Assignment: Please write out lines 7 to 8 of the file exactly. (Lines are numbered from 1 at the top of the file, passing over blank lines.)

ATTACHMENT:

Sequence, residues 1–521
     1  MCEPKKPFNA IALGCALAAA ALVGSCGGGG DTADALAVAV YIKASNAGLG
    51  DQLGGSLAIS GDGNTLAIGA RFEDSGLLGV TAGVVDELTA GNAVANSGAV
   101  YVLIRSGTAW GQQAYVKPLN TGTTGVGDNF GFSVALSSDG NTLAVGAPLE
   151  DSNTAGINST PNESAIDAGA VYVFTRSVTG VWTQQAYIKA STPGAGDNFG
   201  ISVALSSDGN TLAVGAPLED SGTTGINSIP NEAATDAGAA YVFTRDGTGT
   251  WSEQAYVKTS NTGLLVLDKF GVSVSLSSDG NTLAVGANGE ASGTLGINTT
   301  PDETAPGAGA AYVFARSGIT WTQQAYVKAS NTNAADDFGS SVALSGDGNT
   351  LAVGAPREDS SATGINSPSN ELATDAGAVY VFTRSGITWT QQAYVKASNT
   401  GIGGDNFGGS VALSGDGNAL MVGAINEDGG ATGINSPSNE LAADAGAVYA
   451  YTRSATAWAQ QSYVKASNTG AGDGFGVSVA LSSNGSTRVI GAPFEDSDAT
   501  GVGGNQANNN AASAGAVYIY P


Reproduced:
   251  WSEQAYVKTS NTGLLVLDKF GVSVSLSSDG NTLAVGANGE ASGTLGINTT
   301  PDETAPGAGA AYVFARSGIT WTQQAYVKAS NTNAADDFGS SVALSGDGNT